CS is a project where people around the world list themselves as free places to stay for visitors. Through the site you can contact them and see if it's alright for you to visit on specific dates and stay for X amount of time.
There are loads of people in Japan offering this. 1200+ in Tokyo alone.
Sunday, 10 October 2010
Those of you teaching the JHS New Crown textbook at the moment will be on or approaching using personal pronouns and possessives (I, my, me, you, your, you, he, his, him, she, her, her).
Friday, 8 October 2010
These personnel changes are the public equivalent of company transfers. Here is a decoded policy message from a ken-level public board of education about these transfers for your enjoyment (...?) and to help us all understand the Japanese reasoning behind this revolving workplace employment.
Wednesday, 6 October 2010
Fortunately, a quick Google search taught me that today there are many better resources about pronoun usage in the Japanese language (Wikipedia and Wa-pedia for starters).
But, when I read that Yale article, it really stuck with me. I thought it was the definitive guide to pronouns in Japanese and even made detailed flashcards for myself to remember who says what pronoun when. I'd taken the article completely out of its intended context (anime) and thought I'd meet people in real life using sessha or atai. Fortunately, observation of Japanese friends over time let me realize that what I'd been taught was horribly incomplete. I generally agree with the content of the Wikipedia and Wa-pedia articles linked above, but it's still, really, a long list of words from which only a handful are ever realistically used. For what it's worth, here are a few of my observations about Japanese pronouns.
Monday, 4 October 2010
A couple months ago, "school lunch" was all the rage on Japanese TV. A guy named Hideo Makuuchi published a book called "Weird School Lunches," which featured terrible food combinations served up to elementary and junior high school students in different parts of Japan. (School lunch in Japan is mandatory in most public schools; kids cannot choose what they eat or bring their own lunch from home.)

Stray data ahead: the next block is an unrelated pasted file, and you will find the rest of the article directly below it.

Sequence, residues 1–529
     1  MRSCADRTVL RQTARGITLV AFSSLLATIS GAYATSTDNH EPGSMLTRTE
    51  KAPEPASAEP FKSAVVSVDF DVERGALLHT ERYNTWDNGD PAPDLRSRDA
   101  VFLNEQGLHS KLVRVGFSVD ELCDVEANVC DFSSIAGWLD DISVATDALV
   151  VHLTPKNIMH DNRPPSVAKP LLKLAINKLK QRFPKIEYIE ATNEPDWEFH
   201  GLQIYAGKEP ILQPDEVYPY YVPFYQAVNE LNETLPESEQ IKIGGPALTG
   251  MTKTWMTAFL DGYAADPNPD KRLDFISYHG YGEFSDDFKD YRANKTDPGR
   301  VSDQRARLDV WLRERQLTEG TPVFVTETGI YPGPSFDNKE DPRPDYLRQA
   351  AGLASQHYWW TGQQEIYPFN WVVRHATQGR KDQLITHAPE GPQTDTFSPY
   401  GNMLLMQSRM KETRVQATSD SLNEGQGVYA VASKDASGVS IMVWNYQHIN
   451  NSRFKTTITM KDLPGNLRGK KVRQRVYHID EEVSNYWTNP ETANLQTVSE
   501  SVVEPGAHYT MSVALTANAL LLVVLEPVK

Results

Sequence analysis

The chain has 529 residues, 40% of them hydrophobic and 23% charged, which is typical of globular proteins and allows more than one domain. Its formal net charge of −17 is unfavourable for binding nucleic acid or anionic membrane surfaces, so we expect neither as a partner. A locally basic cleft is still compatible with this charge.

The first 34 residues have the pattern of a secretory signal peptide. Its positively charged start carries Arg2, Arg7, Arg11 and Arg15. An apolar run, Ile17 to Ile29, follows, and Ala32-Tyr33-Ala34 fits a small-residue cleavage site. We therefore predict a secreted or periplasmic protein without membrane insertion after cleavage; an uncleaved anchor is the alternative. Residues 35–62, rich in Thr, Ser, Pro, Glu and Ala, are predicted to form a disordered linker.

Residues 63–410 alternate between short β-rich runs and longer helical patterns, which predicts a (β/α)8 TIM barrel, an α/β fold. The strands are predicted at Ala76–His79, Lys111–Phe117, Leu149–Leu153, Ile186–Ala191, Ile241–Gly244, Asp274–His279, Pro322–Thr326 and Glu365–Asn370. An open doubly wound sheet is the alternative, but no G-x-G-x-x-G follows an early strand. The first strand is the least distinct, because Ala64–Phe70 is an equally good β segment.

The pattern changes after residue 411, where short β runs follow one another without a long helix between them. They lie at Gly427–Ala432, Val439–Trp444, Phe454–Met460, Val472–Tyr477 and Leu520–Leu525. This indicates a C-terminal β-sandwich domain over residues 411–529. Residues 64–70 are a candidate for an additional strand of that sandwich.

Sunday, 3 October 2010
As a follow-up to the fantastic Typhoon Game which I published a little while ago, here's a very similar game which can be used when you feel typhooned out but still need a filler game.
I recommend you try the Typhoon, or at least read its description first to help you better understand this post.
It's basically the same game but with chopsticks instead of cards, snails instead of houses, and only one word per chopstick. Because there's only one word, students can be very creative, but you must also make sure you get the aim of the class clear at the start.
Again, it can last from 15-20 minutes up to the entire class. Here's how to make it:
Friday, 1 October 2010
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- ► 2012 (172)
- ► 2011 (255)
- WS: Halloween
- Accommodation: Capsule Hotels
- Japanese Cooking Measurements
- Example of a Landing Permission
- WS: Review Crosswords
- Buying a Used Bike from a Recycle Centre in Japan
- Example of a Japan Visa
- Getting a Re-Entry Permit (Going on Holiday)
- WS: Vocab Crunch
- Your Real Visa: 査証 and 上陸許可
- Regional Sites and Mailing Lists
- Accommodation: Couch Surfing
- WS: Mine and His (First grade JHS)
- New Year, New Teachers
- Learning Japanese: Common Pronoun Mistakes
- Weird School Lunches
- WS: All-Purpose "Anything OK" Escape-Method #2: Ul...
- Driving Schools in Japan
- ► October (18)